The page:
By Andrew O. Selsky
Tuesday, January 27, 2009
SAN JUAN, Puerto Rico, Jan. 26 -- The re-emergence of two former Guantanamo Bay prisoners as al-Qaeda terrorists in the past week is not likely to change U.S. policy on transfers to Saudi Arabia, the Pentagon said Monday.
More than 100 Saudis have been repatriated from the U.S. military's prison at Guantanamo Bay, Cuba, to Saudi Arabia. The Saudi government puts the inmates through a rehabilitation program designed to encourage them to abandon Islamic extremism and reintegrate into civilian life.
The online boasts by two of these men that they have joined al-Qaeda in Yemen underscore that the Saudi system is not fail-safe, the Pentagon said. A U.S. counterterrorism official in Washington confirmed the men had been Guantanamo detainees. The official spoke on the condition of anonymity because he was not authorized to disclose that fact on the record.
Two or three more Saudis who had been transferred from Guantanamo cannot be located by the Saudi government, said Christopher Boucek, a researcher at the Carnegie Endowment for International Peace.
Navy Cmdr. Jeffrey Gordon, a Pentagon spokesman, said the United States sees the Saudi program as admirable.
"The best you can do is work with partner nations in the international community to ensure that they take the steps to mitigate the threat ex-detainees pose," he said. "There are never any absolute guarantees. There's an inherent risk in all detainee transfers and releases from Guantanamo."
The deprogramming effort -- built on reason, enticements and lengthy talks with psychiatrists, Muslim clerics and sociologists -- is part of a concerted Saudi government effort to counter the ideology that nurtured the Sept. 11, 2001, hijackers and that has lured hundreds of Saudis to join the Iraq insurgency. Fifteen of the 19 hijackers who attacked the United States on Sept. 11 were Saudis, as is the mastermind of the attacks, Osama bin Laden.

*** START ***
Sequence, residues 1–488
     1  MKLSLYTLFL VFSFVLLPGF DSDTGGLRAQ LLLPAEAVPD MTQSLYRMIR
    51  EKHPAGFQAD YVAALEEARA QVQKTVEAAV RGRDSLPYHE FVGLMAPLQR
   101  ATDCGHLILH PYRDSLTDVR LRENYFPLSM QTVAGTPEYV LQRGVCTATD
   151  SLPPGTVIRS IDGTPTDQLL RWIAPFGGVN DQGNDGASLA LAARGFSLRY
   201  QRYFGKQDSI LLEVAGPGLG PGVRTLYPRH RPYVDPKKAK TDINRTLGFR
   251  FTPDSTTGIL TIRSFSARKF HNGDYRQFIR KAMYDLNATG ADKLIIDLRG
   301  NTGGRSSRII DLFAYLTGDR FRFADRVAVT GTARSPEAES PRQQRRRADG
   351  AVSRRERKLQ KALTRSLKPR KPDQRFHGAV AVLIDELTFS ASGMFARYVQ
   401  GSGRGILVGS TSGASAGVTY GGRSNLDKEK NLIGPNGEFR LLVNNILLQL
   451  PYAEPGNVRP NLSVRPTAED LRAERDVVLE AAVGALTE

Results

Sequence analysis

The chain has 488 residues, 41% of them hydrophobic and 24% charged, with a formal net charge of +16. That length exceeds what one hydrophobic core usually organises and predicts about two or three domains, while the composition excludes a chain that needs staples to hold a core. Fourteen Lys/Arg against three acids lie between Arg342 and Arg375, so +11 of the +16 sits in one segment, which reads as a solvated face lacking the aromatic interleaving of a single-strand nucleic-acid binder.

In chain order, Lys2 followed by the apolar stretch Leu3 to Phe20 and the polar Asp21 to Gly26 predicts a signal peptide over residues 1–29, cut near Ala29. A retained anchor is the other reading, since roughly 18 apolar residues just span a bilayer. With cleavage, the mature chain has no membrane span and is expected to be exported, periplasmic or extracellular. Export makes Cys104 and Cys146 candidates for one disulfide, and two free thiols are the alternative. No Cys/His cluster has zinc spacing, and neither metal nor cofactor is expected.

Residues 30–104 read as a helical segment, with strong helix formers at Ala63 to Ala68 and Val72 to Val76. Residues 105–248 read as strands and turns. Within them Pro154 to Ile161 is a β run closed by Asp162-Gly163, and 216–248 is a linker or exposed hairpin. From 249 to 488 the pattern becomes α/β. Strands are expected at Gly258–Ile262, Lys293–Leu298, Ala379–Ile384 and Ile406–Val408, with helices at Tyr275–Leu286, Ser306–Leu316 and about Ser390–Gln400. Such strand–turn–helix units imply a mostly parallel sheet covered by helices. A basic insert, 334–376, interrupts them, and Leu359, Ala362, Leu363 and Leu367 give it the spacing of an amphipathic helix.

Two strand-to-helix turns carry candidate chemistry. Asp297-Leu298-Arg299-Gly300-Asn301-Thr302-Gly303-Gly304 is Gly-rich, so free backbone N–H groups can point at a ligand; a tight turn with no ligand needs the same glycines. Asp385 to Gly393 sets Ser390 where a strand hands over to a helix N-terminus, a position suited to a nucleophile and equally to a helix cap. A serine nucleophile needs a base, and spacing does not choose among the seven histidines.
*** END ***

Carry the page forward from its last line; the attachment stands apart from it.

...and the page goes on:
A total of 218 men, including former Guantanamo detainees, have gone through the reintegration program, according to the Saudi Interior Ministry. Nine were later arrested again, an "official source" at the ministry said in a dispatch from the official Saudi Press Agency. The report said some of the nine were former detainees, but did not give a breakdown.
The Saudi Interior Ministry official said most of the graduates "resumed their natural lives and some of them voluntarily contributed to the activities of this program to help others return to natural life."
The two men who went through the Saudi rehabilitation program and resurfaced in Yemen were seen in video clips posted on the Internet last week.
One man gave his name as Abu al-Hareth Muhammad al-Oufi, whose prisoner number when he was held by the United States was 333.
According to documents released last year, the detainee said he was twice beaten by Americans, after he was captured in Pakistan in 2001 and was being flown to Afghanistan, and again after he landed at the Bagram detention center in Afghanistan.
The other former detainee said their detention by U.S. forces only hardened them.
"By Allah, imprisonment only increased our persistence in our principles for which we went out, did jihad for, and were imprisoned for," said Said Ali al-Shihri, whose prisoner number was 372.
About 22 Saudis are among the 245 prisoners at Guantanamo, according to a study by the Brookings Institution, a think tank in Washington. The largest group of remaining prisoners is from Yemen.